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Honor Honor 9i
What we like
What we don't like
Honor Honor 9i
Honor has launched some pretty good phones in the last year or so. Slowly but surely it’s been establishing a foothold in markets like India. The company has also not shied away from adopting, or even being early on, trends like dual cameras.
With the Honor 9i, the company is now delivering on this year’s new trends. Like most other 2017 releases, the 9i has a taller display with an 18:9 aspect ratio. It combines that with dual cameras on both the front and back — a rare combination that works for both photography enthusiasts as well as selfie lovers.
The Honor 9i aims to offer more for less, and the list of features, as well as the specifications sheet, is not off the mark. But does it succeed in doing so and manage to bring together a compelling device? You’ll find out in our Honor 9i review.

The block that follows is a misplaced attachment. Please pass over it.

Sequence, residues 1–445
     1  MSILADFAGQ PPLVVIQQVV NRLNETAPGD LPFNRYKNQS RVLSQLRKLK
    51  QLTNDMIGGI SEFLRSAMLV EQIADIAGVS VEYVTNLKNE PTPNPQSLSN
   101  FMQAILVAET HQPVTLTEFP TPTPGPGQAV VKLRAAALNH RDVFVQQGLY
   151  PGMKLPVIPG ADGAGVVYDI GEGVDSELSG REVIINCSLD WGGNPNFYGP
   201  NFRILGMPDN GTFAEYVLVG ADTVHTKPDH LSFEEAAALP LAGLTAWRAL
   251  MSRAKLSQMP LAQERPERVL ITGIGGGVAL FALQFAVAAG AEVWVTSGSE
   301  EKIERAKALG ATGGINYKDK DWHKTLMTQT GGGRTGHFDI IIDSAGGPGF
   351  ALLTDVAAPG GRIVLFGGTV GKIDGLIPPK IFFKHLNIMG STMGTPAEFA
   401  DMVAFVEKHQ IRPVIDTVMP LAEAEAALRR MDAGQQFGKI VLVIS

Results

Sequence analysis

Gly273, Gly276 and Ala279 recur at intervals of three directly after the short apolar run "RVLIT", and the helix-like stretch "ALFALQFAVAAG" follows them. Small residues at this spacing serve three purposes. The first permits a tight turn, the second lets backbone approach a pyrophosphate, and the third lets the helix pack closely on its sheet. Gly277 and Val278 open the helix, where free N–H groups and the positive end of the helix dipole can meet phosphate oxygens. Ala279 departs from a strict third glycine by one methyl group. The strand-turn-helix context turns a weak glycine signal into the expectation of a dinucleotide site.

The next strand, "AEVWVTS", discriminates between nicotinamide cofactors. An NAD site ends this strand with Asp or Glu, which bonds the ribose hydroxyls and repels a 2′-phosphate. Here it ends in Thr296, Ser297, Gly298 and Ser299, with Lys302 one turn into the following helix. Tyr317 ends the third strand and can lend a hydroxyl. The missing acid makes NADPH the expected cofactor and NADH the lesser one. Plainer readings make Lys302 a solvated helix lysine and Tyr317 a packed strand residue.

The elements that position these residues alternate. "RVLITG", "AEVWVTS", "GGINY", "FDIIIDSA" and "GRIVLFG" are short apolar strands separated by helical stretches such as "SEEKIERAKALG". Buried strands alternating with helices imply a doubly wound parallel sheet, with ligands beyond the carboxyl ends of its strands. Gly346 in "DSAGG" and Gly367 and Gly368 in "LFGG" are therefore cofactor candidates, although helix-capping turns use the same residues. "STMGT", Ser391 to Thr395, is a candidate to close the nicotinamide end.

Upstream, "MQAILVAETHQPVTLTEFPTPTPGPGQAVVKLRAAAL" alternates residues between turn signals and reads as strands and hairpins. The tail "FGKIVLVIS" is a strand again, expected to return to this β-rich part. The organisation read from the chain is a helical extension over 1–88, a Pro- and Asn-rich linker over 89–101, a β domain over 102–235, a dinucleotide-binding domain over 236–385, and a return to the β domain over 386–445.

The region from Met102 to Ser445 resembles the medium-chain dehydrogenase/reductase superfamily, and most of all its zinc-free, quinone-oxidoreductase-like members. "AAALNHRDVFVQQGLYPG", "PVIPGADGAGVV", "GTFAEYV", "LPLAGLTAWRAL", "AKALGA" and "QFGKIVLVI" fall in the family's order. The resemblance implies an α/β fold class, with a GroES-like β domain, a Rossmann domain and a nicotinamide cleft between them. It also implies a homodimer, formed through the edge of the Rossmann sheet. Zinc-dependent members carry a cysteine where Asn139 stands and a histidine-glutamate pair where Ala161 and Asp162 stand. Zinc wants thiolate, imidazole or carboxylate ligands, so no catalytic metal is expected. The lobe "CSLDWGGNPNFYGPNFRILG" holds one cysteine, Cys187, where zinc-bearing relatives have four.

While Honor prefers to talk more about the camera setup and the display on the Honor 9i, I think the design is one of the highlights of the smartphone. As has been the case with most recent Honor devices – exceptional design makes this phone stand out from the crowd.
The metal unibody design of the Honor 9i looks premium and its solid construction inspires confidence in the build quality. The quality of materials is top notch as well.
The camera module on the back protrudes a little but has a metal rim around it to protect from scratches. This is actually an aberration for Honor/Huawei devices, which have been promoted with a ‘flat-back dual camera’ as a marketing pitch in the past. Many of those were in higher price segments, though.
The metal unibody design of the Honor 9i looks premium and its solid construction inspires confidence in the build quality.
The phone’s matte finish and curved edges make it very comfortable to hold. The 18:9 aspect ratio display and slimmer bezels around it mean that the 5.9-inch display on the device is easy to grip in one hand. It’s roughly the same size as most smartphones in the market with a 5.5-inch display.